Posted on 13 October 2021
The Kunming Declaration is a show of political will and adds much-needed momentum by clearly signalling the direction of travel to address biodiversity loss. However, we are still a long way from a whole-of-government approach implemented by all parties to the CBD.
KUNMING, China (13 October 2021) –
Government ministers meeting for the UN biodiversity Conference COP15 today adopted the Kunming Declaration
The declaration, titled ‘Ecological Civilization: Building a Shared Future for All Life on Earth’, represents the outcome of the high level segment of Part One of COP15 (the fifteenth Conference of Parties to the Convention on Biological Diversity) and aims to demonstrate ministers’ political will to address the biodiversity crisis.
WWF is encouraged that the Kunming Declaration acknowledges that the aim of the post-2020 global biodiversity framework should be to reverse biodiversity loss by 2030. Securing and maintaining high level political commitment to reverse the loss of biodiversity this decade is a critical first step to addressing the current nature crisis.
WWF also welcomes the combination of measures contained in the Kunming Declaration, which includes both conservation actions as well as action to address unsustainable production and consumption. Both are essential if we are to be successful in securing a nature-positive world this decade.
The involvement of finance, agriculture, development and environment ministers also shows that governments are starting to recognize the need to make biodiversity a mainstream issue across government; however, we are still a long way from a whole-of-government approach implemented by all parties to the CBD.
Commenting on the declaration, Lin Li, Director of Global Policy and Advocacy at WWF International, said:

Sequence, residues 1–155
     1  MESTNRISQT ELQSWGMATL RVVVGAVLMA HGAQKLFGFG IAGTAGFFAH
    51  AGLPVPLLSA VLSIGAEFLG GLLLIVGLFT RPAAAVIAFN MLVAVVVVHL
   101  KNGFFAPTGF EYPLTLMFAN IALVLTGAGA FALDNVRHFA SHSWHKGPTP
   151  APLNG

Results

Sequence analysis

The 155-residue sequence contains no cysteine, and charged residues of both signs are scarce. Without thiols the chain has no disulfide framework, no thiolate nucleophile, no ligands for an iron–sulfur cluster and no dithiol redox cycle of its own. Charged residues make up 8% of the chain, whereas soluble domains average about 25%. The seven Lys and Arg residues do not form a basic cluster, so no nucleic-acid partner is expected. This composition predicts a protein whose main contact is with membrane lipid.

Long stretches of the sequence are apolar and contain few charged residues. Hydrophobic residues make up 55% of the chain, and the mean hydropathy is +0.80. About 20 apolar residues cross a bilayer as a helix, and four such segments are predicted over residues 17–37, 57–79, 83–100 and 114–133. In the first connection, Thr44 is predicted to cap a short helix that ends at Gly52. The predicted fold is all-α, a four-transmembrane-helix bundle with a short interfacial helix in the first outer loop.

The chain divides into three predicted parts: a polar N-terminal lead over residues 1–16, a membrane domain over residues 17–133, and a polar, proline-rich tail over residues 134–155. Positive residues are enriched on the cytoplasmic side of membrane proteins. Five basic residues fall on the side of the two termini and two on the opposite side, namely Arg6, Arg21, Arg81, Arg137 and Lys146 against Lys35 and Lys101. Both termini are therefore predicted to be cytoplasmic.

“The Kunming Declaration is a show of political will and adds much-needed momentum by clearly signalling the direction of travel to address biodiversity loss. While it is highly significant that it recognizes the aim of the framework should be to put nature on a path to recovery by 2030, its impacts will lie in how it is put into action. It is still critical for governments to turn these words into reality.
“In Kunming next May, this declaration must be turned into an action plan for nature which not only protects land, freshwater and seas, but also fundamentally addresses our unsustainable agricultural system, embraces nature-based solutions, ensures adequate funding and is robustly implemented.
“The world is waking up to the fact that the nature crisis is as serious as the climate crisis, but unfortunately this is not happening fast enough. Biodiversity loss is threatening human health and livelihoods, and increasing the risk of the next pandemic, yet leaders’ pledges are yet to be translated into ambition in the negotiation room. Now is the time to step up.”
Notes to Editors
Human activities are driving a catastrophic loss of nature globally, with a 2019 UN report
revealing that one million species are threatened with extinction.
COP15 represents a once-in-a-decade opportunity to reset our relationship with nature through an ambitious global biodiversity agreement and what could be the last chance to make key decisions for the survival of humanity on the planet. Part Two of the conference is scheduled for April/May 2022 and will feature the adoption of the final agreement.
WWF is calling for leaders to secure an ambitious and transformational post-2020 Global Biodiversity Framework that secures a nature-positive world this decade. But, in WWF’s assessment
, the current draft framework agreement falls short in key areas, such as finance and action on the drivers of biodiversity loss, as well as when it comes to the effective and full participation of Indigenous peoples and local communities (IPLC) and the recognition of their rights and contributions to conservation.
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